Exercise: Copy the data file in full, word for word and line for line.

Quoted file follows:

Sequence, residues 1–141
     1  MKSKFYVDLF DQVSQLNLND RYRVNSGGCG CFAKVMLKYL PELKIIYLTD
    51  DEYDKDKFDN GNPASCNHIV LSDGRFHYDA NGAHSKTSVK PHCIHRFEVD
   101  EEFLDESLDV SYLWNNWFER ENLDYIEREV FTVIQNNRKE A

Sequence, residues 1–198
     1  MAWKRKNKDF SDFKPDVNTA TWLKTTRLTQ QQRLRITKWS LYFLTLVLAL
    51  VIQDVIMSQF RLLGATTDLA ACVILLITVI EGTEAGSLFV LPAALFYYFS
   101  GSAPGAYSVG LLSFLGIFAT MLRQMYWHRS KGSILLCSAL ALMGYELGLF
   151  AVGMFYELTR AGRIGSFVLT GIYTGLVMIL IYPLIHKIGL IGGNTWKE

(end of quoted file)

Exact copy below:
Sequence, residues 1–141
     1  MKSKFYVDLF DQVSQLNLND RYRVNSGGCG CFAKVMLKYL PELKIIYLTD
    51  DEYDKDKFDN GNPASCNHIV LSDGRFHYDA NGAHSKTSVK PHCIHRFEVD
   101  EEFLDESLDV SYLWNNWFER ENLDYIEREV FTVIQNNRKE A

Sequence, residues 1–198
     1  MAWKRKNKDF SDFKPDVNTA TWLKTTRLTQ QQRLRITKWS LYFLTLVLAL
    51  VIQDVIMSQF RLLGATTDLA ACVILLITVI EGTEAGSLFV LPAALFYYFS
   101  GSAPGAYSVG LLSFLGIFAT MLRQMYWHRS KGSILLCSAL ALMGYELGLF
   151  AVGMFYELTR AGRIGSFVLT GIYTGLVMIL IYPLIHKIGL IGGNTWKE